The Cordillera Blanca corresponds to a fraction of the Cordillera de Los Andes located in the north center of Peru. Its name is due to the large and invaluable number of peaks covered with eternal snow that make it up; most of them possessing imposing silhouettes that dazzle for their vast beauty. It is for the above that the Cordillera Blanca has been a recurring destination for decades for mountaineers from all over the world who come to Peru every season in search of adventures and challenges in its high peaks.
In political terms, the Cordillera Blanca is located in Peru, in the department of Ancash, 408 kilometers north of Lima, the capital. This mountain range, the highest in the country, extends from north to south for 180 kilometers and is located within the margins of the Huascarán National Park, a protected natural space that has 340,000 hectares that have been declared by UNESCO as a Reserve. of the Biosphere and Natural Heritage of Humanity. In geographical terms, the Cordillera Blanca is located in the north center of the country, serving as the eastern limit of the Valley of the Callejón de Huaylas, which is delimited to the west by the lower Cordillera Negra. Through the Callejón de Huaylas runs the Santa River that serves as a source of life for different towns, the largest being Huaraz, capital of the department and the so-called capital of mountaineering in South America.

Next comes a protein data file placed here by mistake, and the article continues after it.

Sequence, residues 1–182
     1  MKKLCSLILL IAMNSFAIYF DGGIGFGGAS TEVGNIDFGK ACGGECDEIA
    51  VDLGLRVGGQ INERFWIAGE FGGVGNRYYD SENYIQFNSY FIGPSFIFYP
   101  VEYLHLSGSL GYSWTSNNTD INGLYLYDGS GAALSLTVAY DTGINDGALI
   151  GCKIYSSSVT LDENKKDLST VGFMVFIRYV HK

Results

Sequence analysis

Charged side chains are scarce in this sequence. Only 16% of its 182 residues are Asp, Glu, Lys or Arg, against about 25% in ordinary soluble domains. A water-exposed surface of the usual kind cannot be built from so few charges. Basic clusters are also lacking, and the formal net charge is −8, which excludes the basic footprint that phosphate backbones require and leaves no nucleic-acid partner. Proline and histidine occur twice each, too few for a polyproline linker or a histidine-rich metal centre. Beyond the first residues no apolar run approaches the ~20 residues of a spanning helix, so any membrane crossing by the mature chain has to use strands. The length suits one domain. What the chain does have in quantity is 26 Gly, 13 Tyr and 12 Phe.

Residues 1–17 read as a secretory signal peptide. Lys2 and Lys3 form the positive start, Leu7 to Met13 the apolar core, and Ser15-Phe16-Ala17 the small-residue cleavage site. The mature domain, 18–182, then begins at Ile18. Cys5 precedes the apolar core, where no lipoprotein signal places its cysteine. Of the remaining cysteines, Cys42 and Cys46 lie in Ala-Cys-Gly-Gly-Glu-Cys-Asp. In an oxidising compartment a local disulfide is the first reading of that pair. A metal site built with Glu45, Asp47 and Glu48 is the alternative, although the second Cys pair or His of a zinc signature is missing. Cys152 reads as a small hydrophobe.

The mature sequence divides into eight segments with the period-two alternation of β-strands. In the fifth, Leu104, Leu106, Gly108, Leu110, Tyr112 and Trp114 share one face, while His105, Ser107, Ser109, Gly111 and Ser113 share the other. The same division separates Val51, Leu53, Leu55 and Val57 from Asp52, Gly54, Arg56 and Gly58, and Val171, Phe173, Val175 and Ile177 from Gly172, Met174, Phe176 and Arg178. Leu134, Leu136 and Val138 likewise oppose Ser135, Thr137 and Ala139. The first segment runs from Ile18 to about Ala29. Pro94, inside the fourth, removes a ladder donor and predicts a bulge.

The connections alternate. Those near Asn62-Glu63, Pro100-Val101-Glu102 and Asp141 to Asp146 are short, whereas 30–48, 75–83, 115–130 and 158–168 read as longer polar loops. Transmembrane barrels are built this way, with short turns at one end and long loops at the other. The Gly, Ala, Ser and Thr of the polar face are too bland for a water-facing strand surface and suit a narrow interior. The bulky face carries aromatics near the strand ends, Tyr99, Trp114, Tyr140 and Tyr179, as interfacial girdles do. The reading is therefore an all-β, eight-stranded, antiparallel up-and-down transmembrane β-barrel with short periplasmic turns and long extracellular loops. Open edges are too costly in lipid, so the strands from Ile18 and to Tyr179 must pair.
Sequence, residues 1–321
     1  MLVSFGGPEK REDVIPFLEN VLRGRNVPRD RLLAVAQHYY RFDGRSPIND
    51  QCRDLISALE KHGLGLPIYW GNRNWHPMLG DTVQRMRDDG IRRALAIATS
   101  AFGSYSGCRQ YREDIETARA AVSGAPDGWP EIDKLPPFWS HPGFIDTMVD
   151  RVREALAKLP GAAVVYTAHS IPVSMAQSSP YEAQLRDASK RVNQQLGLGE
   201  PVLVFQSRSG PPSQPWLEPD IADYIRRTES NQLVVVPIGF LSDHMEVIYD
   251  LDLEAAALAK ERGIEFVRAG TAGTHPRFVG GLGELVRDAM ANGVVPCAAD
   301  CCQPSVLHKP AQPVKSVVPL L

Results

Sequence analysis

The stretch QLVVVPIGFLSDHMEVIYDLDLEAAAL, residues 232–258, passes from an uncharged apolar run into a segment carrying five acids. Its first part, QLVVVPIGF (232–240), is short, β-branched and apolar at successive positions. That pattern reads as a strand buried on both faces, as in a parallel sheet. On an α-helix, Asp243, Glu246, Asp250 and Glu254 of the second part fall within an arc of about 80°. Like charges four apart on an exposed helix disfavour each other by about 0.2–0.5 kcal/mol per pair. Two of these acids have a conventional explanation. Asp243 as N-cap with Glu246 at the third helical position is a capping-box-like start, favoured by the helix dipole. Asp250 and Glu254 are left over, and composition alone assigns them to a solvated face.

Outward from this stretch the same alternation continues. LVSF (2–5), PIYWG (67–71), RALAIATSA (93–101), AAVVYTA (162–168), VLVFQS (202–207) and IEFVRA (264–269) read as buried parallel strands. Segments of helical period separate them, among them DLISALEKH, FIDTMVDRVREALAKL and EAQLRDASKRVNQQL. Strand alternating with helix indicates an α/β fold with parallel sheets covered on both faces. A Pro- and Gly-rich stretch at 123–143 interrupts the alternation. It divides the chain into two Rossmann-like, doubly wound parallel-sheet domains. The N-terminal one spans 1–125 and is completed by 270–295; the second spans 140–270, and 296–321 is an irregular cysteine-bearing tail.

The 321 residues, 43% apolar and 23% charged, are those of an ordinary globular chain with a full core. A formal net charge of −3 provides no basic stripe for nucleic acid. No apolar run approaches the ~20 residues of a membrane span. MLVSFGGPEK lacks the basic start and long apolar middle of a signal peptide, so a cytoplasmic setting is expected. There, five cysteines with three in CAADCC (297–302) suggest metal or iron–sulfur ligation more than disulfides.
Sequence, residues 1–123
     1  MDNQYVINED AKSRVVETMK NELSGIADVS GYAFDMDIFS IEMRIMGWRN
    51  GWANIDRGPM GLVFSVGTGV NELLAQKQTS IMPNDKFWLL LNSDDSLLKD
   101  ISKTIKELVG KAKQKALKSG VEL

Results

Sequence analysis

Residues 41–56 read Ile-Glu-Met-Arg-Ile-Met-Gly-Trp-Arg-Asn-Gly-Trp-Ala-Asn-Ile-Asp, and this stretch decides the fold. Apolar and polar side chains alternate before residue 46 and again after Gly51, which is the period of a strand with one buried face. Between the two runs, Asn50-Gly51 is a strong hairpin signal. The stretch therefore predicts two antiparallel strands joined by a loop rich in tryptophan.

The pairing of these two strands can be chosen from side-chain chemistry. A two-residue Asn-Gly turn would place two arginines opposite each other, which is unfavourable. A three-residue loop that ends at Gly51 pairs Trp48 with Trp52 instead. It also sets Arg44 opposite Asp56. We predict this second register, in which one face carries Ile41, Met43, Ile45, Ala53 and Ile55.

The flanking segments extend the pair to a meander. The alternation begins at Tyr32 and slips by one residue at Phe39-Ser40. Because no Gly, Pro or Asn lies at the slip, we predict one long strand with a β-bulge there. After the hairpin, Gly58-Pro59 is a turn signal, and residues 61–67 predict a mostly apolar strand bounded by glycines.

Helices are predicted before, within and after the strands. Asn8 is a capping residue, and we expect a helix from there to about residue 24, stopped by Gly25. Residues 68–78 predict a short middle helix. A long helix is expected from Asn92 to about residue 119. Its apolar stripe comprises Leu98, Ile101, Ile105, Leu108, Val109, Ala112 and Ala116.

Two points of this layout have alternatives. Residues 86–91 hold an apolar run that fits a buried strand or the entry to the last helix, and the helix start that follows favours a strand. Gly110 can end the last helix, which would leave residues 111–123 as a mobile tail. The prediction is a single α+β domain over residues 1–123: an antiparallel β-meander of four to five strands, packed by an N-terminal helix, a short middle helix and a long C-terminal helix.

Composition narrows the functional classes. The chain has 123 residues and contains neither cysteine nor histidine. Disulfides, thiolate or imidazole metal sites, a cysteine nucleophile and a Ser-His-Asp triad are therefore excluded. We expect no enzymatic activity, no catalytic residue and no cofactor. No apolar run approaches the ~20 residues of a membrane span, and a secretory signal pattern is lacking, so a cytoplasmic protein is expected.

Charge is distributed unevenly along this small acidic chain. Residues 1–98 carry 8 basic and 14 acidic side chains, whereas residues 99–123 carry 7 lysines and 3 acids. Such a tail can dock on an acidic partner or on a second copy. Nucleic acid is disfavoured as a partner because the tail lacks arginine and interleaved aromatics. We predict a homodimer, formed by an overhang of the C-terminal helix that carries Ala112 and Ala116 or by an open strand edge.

The city of Huaraz is located on the eastern bank of the Santa River, in the middle of the Callejón de Huaylas, at an average height of 3,050 meters and very close to the mountains; In fact, from the center of the city you have a splendid view of snow-capped mountains such as Vallunaraju or the imposing Huascarán. This proximity to the snow-capped mountains makes this city the ideal place to organize expeditions to the massifs. Walking through the streets of Huaraz you can appreciate how the history and tradition of the Andean culture of Peru is kept alive, resisting the attacks of the Western world and the effects of globalization, refusing to die in oblivion. It is not uncommon to see the shepherdesses offering their products in the street in Quechua while the bars are overflowing with Anglo-Saxon-speaking tourists. The cultural shock is notorious, especially in high season when thousands of visitors arrive from all over the world to this picturesque and touristic city, attracted not only by the wonderful surrounding mountains, but also by a large number of attractions such as its many rivers and lakes, and the endless possibilities for outdoor sports. The kindness of its people, the beauty of the environment and the cultural contrast found in Huaraz, enchant. I sincerely believe that it is a place worth knowing, even if you are not a mountaineer.